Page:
The TradeVine – Entertainment Trade Article Highlights March 10th

Welcome to the TradeVine whose purpose is to encourage the entertainment industry to read their trades: Variety, Backstage, Hollywood Reporter, etc. Enjoy learning about your industry.

Each Friday, The TradeVine seeks out a few of the informative trade articles you may have missed. Please visit the trade, itself, for the entire article.

Backstage – How To Stop Fearing Auditions + Make Them Fun Again, by Amy Russ

Do you have a love/hate relationship with auditions? Most actors want more opportunities to audition, but the process can be nerve-wracking. And we all know that audition nerves can kill your chances of getting booked.
I started acting when I was a kid. Back then, I was never nervous or self-conscious at auditions—I just did my thing and had a blast. I was given a screen test at 14 for a soap opera. The character was supposed to be 18 (I looked older than my age), so the screen test involved a romantic kiss with this handsome, 20-something soap star. Now, this was my very first screen test—ever—for a really huge life-changing job. It also happened to be my very first kiss. Was I nervous about the screen test? Heck, no! I was nervous about that kiss!
Fast forward to my early twenties, and BOOM. I suddenly became super nervous and self-conscious at auditions. I actually went through a phase where I would sometimes lose my voice during an audition. It was weird. After a year or so of awful auditions, I figured out why I had experienced such an extreme shift.
As a kid, I had no expectations about the audition beyond the audition room. I acted for the joy of it, not for my livelihood or to build up my resume so I could get the next, bigger job. I did it because I loved it. Full stop.
Once I became an adult, all that changed. There were real-life stakes for the outcome of the audition. I suddenly felt that I NEEDED to get that job. Booking the job became the entire endgame. Of course, the weight of my desperation squashed the love of acting right out of me. All that was left was fear. Read Entire Artice Here

The Hollywood Reporter – Danny DeVito in Talks To Join Tim Burton’s Live-Action ‘Dumbo’, by Ashley Lee

He would play Medici, who runs a smaller circus that gets acquired by the evil big-top villain Vandemere.
Danny DeVito may be heading to the Big Top.
The Hollywood Reporter has confirmed that the actor is in talks to join Disney’s live-action retelling of Dumbo. Tim Burton is directing the remake of the 1941 animated classic about a baby circus elephant who is made fun of for his large ears and is separated from his mother.
Though plot details are being kept under wraps, the retelling is said to expand and deepen the circus aspect of the story. For example, DeVito would play Medici, who runs a smaller circus that gets acquired by the evil big-top villain Vandemere.
Eva Green is also in talks to play a trapeze artist who works for Vandemere. The project has four human leads (plus the elephant, who will be digitally animated).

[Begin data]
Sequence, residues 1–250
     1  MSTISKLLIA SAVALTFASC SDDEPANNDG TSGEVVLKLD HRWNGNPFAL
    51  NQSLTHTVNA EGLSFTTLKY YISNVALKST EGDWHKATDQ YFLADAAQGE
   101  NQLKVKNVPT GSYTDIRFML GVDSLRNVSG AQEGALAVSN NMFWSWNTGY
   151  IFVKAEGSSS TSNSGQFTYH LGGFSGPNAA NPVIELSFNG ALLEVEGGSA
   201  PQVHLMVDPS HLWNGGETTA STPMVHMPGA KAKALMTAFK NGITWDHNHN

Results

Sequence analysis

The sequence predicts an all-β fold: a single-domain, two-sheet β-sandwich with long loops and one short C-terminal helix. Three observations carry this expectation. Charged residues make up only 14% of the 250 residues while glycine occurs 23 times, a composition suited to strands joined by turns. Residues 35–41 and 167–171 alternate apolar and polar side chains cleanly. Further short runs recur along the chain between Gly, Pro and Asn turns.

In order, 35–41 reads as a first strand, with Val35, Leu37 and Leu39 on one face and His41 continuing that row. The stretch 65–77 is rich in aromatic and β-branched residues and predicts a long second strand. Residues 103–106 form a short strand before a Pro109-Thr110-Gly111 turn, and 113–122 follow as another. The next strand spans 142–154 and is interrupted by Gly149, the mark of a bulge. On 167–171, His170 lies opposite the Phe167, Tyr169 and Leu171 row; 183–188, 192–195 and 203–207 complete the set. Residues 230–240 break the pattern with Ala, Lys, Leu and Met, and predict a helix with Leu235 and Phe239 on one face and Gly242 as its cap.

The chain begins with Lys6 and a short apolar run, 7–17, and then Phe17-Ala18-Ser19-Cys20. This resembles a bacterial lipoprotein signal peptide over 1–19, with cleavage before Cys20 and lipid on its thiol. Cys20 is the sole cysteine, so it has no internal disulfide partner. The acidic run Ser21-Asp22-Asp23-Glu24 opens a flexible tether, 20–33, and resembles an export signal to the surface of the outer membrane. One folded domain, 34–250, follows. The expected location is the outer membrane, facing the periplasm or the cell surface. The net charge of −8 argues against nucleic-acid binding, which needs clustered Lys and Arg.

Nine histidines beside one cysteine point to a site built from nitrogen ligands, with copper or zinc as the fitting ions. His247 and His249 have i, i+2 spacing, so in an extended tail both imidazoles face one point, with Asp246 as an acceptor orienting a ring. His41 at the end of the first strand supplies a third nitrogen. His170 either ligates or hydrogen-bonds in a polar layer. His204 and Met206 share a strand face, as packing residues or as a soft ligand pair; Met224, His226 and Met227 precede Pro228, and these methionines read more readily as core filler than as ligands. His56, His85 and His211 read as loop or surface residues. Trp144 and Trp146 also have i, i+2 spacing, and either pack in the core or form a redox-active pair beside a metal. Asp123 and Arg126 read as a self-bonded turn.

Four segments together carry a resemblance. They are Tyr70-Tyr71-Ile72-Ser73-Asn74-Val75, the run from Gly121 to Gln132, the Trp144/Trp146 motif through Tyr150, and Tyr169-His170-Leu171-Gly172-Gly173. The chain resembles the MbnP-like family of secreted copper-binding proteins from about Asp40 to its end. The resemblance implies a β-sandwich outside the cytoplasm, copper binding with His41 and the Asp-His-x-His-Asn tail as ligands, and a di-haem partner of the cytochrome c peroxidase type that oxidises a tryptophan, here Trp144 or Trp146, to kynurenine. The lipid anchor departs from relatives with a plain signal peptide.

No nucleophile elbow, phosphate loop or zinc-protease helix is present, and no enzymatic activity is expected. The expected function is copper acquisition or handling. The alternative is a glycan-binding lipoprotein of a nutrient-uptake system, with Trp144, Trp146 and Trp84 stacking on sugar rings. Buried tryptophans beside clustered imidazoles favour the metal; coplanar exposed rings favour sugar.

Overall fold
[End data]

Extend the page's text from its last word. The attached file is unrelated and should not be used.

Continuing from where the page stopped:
DeVito is currently making his Broadway debut in The Price, opposite Mark Ruffalo and Tony Shalhoub. The It’s Always Sunny in Philadelphia star’s upcoming films also include the long-gestating Twins sequel Triplets and Blue Dream Studios’ animated Animal Crackers. He is repped by CAA. Read Entire Artice Here

Variety- SXSW Film Festival: What to Watch Out for in 2017 Lineup, by Andrew Barker

The South by Southwest Film Festival has a long history of spotlighting native and adopted Texan filmmakers. Yet one particularly noteworthy filmmaker with Texas roots has been long outstanding, and the festival’s 24th iteration will finally see an appearance from one of arthouse cinema’s biggest names, as Terrence Malick brings his Austin-set “Song to Song” to the festival’s March 10 opening night. Thematic appropriateness aside, it represents something of a coup for the once-scrappy fest to feature the auteur, whose last films bowed at Toronto, Berlin, and Cannes.
Yet Malick’s is hardly the only boldfaced name to be found in the lineup, and here are other features — among the 125 scheduled films, 84 of them world premieres — to watch.
Stars at Night
“Song to Song” boasts a particularly starry cast, with Rooney Mara, Ryan Gosling, Cate Blanchett, and Michael Fassbender all on deck. But it will have plenty of company in drawing a crowd of onlookers outside the Paramount Theater. “Atomic Blonde,” David Leitch’s MI6-themed comic adaptation, comes bearing the likes of Charlize Theron, James McAvoy, and John Goodman. “Baby Driver,” Edgar Wright’s first feature since ending his beloved Cornetto trilogy with “The World’s End,” will world-premiere in Austin with a cast boasting Ansel Elgort, Kevin Spacey, and Jamie Foxx. Fest closer “Life” could draw the likes of Jake Gyllenhaal, Rebecca Ferguson, and Ryan Reynolds. Meanwhile, Judd Apatow will be on hand to bow his first theatrical nonfiction feature, the rock doc “May It Last: A Portrait of the Avett Brothers,” which he directed alongside Michael Bonfiglio. Read Entire Artice Here

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